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Iris Array of Curved Slabs

It would be desirable from the radiation damage (and power generation) standpoint to have all graphite receive uniform dosage within any itldividual graphite unit. This is, in practice, impossible, but an array of concentric cylindrical units built up of curved slabs in an iris pattern was considered which appears to have some desirable features from the symmetrical uniformity of radiation loading. A sketch is shown in Figure 3.3 which depicts a section through two units of an iris array of curved slabs which would be unitized by attachment to graphite plates at the top and bottom. This configuration presents a gradually increasing thickness of graphite (and salt channel) as the radiation intensity falls off and thus a leveling of graphite temperature and lifetime. Hydraulicdly, this confquration requires further design enhancement before becoming acceptable.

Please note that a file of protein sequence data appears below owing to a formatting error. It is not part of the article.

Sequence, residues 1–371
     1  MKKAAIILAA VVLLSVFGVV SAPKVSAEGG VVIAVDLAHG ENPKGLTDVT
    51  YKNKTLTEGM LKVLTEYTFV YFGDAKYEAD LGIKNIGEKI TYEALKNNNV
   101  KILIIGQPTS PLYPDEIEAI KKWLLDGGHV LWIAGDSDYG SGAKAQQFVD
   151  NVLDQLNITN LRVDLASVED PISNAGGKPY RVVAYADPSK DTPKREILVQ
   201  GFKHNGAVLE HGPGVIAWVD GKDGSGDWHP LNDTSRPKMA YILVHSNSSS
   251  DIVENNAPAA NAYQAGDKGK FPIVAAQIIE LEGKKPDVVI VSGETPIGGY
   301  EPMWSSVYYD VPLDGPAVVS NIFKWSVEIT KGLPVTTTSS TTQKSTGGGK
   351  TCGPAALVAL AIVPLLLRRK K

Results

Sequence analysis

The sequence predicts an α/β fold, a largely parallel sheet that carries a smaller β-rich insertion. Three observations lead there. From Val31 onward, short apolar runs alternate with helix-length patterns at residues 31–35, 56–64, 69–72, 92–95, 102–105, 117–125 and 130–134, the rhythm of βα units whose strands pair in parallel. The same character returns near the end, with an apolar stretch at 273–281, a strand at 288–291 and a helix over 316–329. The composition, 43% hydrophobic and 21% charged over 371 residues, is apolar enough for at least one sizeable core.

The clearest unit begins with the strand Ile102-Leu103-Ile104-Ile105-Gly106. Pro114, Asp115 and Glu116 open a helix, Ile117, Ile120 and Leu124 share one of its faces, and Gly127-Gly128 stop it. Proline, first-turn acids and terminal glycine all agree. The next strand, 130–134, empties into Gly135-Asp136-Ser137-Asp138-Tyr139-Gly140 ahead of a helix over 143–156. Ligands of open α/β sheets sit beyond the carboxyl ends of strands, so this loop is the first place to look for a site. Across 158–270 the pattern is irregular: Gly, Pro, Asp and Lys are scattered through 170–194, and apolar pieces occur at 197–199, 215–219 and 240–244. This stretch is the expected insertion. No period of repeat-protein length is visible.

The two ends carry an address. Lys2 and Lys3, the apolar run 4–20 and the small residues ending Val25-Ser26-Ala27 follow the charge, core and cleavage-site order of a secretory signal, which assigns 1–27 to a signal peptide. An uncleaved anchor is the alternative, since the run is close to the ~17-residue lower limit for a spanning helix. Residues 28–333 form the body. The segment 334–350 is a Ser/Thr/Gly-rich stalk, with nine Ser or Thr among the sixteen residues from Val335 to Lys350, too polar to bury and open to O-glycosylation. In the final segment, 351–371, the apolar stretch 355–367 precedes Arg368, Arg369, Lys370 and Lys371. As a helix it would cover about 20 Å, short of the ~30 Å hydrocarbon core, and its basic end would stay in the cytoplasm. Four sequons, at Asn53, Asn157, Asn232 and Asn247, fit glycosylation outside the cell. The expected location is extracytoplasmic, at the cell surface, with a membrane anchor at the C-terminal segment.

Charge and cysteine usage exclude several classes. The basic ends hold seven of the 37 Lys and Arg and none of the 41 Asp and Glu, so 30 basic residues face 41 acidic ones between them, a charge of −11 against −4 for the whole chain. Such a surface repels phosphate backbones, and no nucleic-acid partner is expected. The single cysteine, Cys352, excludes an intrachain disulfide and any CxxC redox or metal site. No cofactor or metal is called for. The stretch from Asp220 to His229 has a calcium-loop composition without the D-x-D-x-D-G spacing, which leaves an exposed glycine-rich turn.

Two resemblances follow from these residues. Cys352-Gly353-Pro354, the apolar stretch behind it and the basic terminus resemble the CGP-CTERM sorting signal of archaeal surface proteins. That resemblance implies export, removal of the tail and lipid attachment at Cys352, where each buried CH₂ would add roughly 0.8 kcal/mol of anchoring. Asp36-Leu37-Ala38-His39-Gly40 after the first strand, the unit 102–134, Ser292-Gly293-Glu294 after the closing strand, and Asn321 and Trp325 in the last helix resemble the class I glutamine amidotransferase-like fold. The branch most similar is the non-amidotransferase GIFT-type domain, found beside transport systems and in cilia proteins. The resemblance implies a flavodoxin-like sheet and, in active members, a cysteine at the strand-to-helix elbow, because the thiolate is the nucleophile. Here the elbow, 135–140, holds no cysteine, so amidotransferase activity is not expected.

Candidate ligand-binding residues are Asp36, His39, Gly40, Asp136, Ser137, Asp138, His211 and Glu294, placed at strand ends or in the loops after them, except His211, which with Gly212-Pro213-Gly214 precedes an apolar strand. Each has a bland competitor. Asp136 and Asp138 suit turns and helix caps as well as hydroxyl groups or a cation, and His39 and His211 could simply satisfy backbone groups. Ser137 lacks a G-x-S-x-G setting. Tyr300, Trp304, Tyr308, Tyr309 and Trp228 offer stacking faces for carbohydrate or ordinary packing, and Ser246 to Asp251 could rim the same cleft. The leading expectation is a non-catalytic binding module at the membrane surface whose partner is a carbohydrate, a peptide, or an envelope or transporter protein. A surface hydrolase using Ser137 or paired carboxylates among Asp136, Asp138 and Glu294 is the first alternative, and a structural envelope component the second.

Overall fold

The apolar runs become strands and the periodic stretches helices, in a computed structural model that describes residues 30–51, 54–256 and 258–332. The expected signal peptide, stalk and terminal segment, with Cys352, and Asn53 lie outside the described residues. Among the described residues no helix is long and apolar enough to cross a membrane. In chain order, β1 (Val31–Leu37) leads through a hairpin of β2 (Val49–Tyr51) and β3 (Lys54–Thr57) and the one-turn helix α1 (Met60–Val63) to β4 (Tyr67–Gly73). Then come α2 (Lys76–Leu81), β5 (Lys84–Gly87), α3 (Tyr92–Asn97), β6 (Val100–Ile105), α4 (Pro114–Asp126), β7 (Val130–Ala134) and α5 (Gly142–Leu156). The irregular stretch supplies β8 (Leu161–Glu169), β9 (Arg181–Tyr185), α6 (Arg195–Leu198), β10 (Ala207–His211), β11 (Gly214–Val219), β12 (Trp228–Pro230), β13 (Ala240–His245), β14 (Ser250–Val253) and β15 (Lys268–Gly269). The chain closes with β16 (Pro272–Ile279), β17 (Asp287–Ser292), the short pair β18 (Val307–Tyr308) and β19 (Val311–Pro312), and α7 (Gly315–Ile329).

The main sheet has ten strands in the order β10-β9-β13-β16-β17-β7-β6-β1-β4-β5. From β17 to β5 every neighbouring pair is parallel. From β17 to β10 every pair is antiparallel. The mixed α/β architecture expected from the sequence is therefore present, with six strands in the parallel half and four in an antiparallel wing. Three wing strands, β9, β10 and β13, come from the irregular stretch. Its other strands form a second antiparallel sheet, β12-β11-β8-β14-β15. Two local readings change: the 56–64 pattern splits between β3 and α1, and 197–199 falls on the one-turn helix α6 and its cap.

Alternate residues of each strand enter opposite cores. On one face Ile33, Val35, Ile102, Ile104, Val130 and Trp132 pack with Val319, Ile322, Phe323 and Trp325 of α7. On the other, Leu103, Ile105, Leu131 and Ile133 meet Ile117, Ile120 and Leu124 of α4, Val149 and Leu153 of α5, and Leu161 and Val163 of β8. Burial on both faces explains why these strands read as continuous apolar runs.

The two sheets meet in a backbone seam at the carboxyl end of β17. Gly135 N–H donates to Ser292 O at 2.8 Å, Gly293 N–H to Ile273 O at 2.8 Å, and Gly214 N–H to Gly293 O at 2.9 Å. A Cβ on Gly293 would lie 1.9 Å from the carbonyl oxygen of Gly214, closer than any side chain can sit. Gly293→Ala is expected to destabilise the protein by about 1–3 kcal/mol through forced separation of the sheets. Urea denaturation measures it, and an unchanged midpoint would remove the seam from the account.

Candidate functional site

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Figure 3.2

solid Block Graphite Element


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Figure 3.3 Graphite Elements Iris Array


3-7 Thc curved slabs would be considcrably more difficult to manufacture than straight sided slabs but would be feasible to produce, Replacement of the central one or two cylindrical units would appear to be feasible but the outer rows would have to be handled as segmented rings and replacement of odd shaped and sized units is unattractive.

3.1.5

Slab Arrays